Voltando para casa

Crossing barriers - Going Back Home

Dagmar, Valdivino, Rui, João, José Pereira, Sônia, Marlene, Sebastiana, Cláudia, Grimalda, Conceição, Baiana, Domingos, Luís Miguel, Ioiô ... those are some of the many tenants living in the therapeutic residences who benefited from the Going Back Home Program and that we met and visited in their homes.

Many are elderly people and carry, besides the mental disorder, the problems of old age. The brand of madness can be seen on their bodies – they stagger when they walk, their faces are distorted, their eyes have glassy looks and their teeth are rotten.

But it is under these conditions and with their different stories that they share spacious homes and offer suggestions for their activities. Slowly by they were able to go out in the street and mix with city people with defined purposes: go to the bakery shop, buy clothes and shoes, supermarket, restaurant, take lessons to learn how to read and write, hydrotherapy, work, go to the boyfriend’s or girlfriend’s house.

They all suffered indescribable ill-treatments. They were all hardly hit in their human dignity during the 30 or 40 years of psychiatric confinement. Many of them were confined when still in childhood and completely lost all family ties. Along with their personal story they also told us about the corpses piled up and the macabre ritual of dozens of their companions’ bodies that had their flesh removed after the so-called "midnight tea". Many endured electroshock sessions standing on their feet, were tied to their beds or handcuffed to walls or floors. Some went through "drowning" sessions recommended and performed by the "health professionals" that managed and worked in hospitals.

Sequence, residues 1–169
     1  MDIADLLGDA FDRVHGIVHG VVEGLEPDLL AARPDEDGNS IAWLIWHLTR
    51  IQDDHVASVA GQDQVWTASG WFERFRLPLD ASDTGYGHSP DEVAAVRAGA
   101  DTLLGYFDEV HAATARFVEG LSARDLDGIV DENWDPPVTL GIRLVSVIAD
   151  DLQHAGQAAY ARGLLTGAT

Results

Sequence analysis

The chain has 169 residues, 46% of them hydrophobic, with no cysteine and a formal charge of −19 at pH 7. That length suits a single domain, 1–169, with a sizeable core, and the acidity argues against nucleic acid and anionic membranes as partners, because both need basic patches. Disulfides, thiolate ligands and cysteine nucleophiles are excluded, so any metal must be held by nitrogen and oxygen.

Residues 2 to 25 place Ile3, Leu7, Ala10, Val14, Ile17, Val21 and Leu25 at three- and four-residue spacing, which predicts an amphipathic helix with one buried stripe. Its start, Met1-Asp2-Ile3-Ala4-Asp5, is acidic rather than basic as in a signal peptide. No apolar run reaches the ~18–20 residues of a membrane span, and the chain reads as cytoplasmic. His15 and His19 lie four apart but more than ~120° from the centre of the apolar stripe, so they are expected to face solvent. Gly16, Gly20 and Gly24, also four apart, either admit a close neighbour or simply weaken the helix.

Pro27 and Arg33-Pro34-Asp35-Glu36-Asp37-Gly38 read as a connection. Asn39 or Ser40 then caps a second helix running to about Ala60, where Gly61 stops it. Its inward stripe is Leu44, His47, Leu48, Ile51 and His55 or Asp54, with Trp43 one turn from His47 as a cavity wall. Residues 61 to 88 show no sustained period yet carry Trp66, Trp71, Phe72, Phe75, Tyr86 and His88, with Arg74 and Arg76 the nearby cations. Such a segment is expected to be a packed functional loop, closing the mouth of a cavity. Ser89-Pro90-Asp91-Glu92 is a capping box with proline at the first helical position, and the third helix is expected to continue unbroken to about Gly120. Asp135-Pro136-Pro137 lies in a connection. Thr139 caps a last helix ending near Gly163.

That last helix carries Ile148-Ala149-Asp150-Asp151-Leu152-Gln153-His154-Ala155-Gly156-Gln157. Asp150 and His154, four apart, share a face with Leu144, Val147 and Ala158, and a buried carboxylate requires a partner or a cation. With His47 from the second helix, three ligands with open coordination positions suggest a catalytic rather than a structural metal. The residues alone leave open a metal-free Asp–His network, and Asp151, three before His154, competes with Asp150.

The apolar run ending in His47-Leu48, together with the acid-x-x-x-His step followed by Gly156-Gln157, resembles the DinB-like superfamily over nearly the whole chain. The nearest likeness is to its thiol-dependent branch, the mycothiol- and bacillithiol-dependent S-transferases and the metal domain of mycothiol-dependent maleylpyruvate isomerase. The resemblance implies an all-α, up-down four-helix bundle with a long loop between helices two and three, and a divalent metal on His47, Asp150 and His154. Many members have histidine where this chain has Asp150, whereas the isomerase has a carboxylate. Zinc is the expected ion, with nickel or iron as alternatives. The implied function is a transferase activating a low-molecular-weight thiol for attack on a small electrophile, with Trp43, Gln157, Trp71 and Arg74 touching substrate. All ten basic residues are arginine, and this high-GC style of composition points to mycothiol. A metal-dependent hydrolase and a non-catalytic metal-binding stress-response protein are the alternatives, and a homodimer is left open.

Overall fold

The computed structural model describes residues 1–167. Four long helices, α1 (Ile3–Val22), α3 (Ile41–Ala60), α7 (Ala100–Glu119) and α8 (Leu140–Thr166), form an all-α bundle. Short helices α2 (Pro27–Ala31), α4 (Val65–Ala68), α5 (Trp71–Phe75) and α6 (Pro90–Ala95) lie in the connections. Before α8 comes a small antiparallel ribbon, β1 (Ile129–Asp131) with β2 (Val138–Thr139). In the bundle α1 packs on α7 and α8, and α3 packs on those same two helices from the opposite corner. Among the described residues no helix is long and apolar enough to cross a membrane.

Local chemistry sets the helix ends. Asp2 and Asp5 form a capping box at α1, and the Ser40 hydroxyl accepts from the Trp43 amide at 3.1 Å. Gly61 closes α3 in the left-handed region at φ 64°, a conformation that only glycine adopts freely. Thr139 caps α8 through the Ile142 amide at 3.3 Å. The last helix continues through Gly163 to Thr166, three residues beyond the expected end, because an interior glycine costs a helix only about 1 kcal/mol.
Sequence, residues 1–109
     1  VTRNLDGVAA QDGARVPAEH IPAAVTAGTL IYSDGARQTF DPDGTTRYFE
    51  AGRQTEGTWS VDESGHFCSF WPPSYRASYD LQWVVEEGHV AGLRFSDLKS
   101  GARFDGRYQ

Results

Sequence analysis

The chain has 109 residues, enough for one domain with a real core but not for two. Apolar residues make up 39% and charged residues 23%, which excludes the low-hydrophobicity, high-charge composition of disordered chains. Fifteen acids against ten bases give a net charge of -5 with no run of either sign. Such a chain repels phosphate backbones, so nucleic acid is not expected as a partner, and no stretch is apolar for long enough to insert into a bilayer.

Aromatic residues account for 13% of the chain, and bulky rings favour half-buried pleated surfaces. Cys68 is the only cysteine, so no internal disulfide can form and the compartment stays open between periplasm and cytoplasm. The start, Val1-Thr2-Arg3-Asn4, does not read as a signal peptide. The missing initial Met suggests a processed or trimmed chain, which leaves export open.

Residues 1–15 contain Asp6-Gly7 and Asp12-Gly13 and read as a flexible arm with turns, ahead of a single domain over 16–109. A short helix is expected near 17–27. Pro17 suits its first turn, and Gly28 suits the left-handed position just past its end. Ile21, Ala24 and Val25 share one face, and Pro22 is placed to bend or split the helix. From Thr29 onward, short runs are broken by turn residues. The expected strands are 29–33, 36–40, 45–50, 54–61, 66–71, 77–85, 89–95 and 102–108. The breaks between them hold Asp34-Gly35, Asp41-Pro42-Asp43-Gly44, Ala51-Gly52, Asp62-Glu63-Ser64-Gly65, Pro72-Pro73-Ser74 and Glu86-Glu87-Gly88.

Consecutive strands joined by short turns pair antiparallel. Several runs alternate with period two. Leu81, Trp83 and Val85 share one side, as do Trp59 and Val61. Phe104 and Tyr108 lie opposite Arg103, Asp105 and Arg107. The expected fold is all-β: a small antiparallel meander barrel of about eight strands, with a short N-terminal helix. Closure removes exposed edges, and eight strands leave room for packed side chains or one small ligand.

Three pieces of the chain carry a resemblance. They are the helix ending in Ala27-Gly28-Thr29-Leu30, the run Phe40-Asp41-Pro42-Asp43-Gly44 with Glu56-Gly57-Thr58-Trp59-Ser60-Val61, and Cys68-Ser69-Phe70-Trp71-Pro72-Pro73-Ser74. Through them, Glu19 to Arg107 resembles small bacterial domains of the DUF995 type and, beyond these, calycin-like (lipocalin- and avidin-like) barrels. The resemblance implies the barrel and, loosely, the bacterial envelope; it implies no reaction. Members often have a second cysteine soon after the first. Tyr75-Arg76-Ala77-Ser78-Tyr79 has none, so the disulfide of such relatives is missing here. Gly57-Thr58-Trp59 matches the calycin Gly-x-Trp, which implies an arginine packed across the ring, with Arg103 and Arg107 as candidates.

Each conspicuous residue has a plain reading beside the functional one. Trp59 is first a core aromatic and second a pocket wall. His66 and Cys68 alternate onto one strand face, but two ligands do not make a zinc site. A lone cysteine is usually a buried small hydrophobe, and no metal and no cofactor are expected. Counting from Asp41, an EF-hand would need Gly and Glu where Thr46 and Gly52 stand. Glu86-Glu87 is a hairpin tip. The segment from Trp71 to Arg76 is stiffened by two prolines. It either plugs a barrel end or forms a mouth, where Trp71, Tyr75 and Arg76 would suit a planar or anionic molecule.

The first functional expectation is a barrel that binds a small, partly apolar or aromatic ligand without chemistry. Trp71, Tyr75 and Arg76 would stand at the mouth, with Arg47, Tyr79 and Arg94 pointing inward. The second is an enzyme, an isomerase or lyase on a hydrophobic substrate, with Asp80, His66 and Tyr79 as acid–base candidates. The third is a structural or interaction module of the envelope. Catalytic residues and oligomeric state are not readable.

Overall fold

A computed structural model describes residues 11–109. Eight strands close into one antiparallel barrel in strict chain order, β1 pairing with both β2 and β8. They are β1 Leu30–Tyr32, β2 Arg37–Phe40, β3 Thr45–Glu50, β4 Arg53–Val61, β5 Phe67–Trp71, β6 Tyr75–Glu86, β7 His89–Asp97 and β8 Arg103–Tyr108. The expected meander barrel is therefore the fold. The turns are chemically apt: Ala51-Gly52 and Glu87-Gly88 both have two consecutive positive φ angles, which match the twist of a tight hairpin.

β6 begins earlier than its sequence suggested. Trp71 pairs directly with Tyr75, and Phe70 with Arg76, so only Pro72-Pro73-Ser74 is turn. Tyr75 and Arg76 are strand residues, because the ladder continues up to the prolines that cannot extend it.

However, that’s not exactly what they wanted to tell us, when they met us in their homes beginning of March 2007. They took us by the hand and showed us their living rooms and bedrooms decorated with paintings and small altars filled with images of saints they themselves made during the handicraft lessons.They showed us their furniture and electric appliances they had recently bought.The psychosocial rehabilitation aid they monthly receive from the Going Back Home Program in their bank accounts, makes it possible for them to purchase these things.

They showed us their notebooks where they had written the first words in an uncertain handwriting. They told us about the food they prepare, the picnics and trips and showed us the photos.